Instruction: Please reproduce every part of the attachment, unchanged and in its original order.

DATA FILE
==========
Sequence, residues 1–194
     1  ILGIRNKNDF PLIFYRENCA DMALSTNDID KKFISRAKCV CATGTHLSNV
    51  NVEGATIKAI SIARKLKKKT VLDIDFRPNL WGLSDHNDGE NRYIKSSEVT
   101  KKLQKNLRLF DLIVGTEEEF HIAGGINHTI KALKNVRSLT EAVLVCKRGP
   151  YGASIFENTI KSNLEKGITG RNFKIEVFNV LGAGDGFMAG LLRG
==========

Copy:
Sequence, residues 1–194
     1  ILGIRNKNDF PLIFYRENCA DMALSTNDID KKFISRAKCV CATGTHLSNV
    51  NVEGATIKAI SIARKLKKKT VLDIDFRPNL WGLSDHNDGE NRYIKSSEVT
   101  KKLQKNLRLF DLIVGTEEEF HIAGGINHTI KALKNVRSLT EAVLVCKRGP
   151  YGASIFENTI KSNLEKGITG RNFKIEVFNV LGAGDGFMAG LLRG